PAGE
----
The June 30 Supreme Court decision in Espinoza v. Montana Dept. of Revenue is a cause for celebration. It goes against the Blaine Amendment, a failed amendment to the Constitution typical of the anti-immigrant and anti-Catholic bigotry of the 1880s. That amendment was supposed to stop government funding of Catholic schools. While it ultimately failed, 37 states have adopted laws that mirror it.
At the time, public schools in the United States were deeply influenced by Protestant denominations. That was one of the reasons for the creation of Catholic private schools. The Blaine Amendment laws were designed to curtail the establishments of Catholic schools that served the emerging Irish and Italian immigrant Catholic communities.
The Supreme Court has now put an end to this relic of anti-Catholic bigotry. Maybe it was too little, too late. Just nine days later, the Diocese of Brooklyn announced “six Catholic academies in Brooklyn and Queens will close due to financial strain resulting from the COVID-19 pandemic.” That same day, the Archdiocese of New York announced 20 of its Catholic schools won’t reopen and three will merge “in wake of COVID-19.”
During the previous weeks, other dioceses across the country had announced the closing of 98 Catholic schools.
The news — 124 Catholic schools gone in three months — is devastating but not surprising. In 1970, there were 11,000 Catholic schools in the United States. Today, the number is just 6,000. There are several reasons for this.
There were 180,000 women religious in the United States in 1965. By 2019, there were 31,350. Women religious were the backbone of Catholic education. Women religious filled the faculties of those schools. They offered solid education, ensured the Catholic identity of the schools, and since they didn’t receive a regular salary, kept the tuition affordable for the poor communities they usually served.
Once women religious became a minority in our schools’ faculties, the Catholic school’s economic model became unstable and sometimes unsustainable. Many Catholic immigrants — always a strong presence in Catholic schools — couldn’t afford the tuition any longer.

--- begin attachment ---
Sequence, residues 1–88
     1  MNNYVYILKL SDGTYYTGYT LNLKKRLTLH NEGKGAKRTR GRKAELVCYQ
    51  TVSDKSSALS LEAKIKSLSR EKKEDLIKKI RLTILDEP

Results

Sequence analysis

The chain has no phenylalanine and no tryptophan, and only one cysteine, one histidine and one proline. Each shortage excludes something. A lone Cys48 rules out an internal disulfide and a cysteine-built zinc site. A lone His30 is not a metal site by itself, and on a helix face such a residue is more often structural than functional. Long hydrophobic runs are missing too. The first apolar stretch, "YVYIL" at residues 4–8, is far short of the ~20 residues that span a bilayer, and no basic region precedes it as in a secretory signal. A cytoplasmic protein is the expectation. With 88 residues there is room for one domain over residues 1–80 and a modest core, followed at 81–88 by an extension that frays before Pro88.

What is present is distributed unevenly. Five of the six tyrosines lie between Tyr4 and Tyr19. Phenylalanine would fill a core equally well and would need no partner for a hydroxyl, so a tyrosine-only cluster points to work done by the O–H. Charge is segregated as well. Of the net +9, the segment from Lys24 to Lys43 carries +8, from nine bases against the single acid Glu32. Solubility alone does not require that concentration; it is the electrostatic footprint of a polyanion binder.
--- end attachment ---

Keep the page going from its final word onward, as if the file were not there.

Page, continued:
Demographic changes also affect Catholic schools. In our cities, traditional immigrant neighborhoods sometimes go through a gentrification process. The new neighbors don’t belong to the traditional Catholic communities and don’t send their kids to Catholic schools.
The secularization process that has been taking place in our society for the last five decades added another challenge. An increasingly anti-religious sentiment among cultural elites has changed the way many people perceive the benefits of a faith-based education.
The results are disheartening. Catholics schools are not closing for lack of educational success — 99% of Catholic high school students graduate within four years, while New York City high schools had a rate of 75.9% in 2018.
Archbishop José Gómez of Los Angeles said recently, “the loss of Catholic schools would be an American tragedy. It would set back opportunities for generations of children living in low-income and inner-city neighborhoods.”
It would also be a Catholic tragedy. The Catholic community in the U.S. — more than 70 million people — would lose an essential part of its soul and its future without Catholic schools. In an increasingly intolerant culture, it would be an irreparable loss for our society.
The Diocese of Brooklyn has gone through continuous efforts to keep schools open and to help them succeed. Futures in Education, which provides tuition assistance to low-income families in Catholic schools and academies in Brooklyn and Queens, has awarded scholarships to 32,000 students over the past 31 years. DeSales Media Group, the parent company of The Tablet, donates $2.5 million to Futures in Education each year.
The recent decision of the Supreme Court is not just a triumph over bigotry but also a new hope for the future of Catholic education.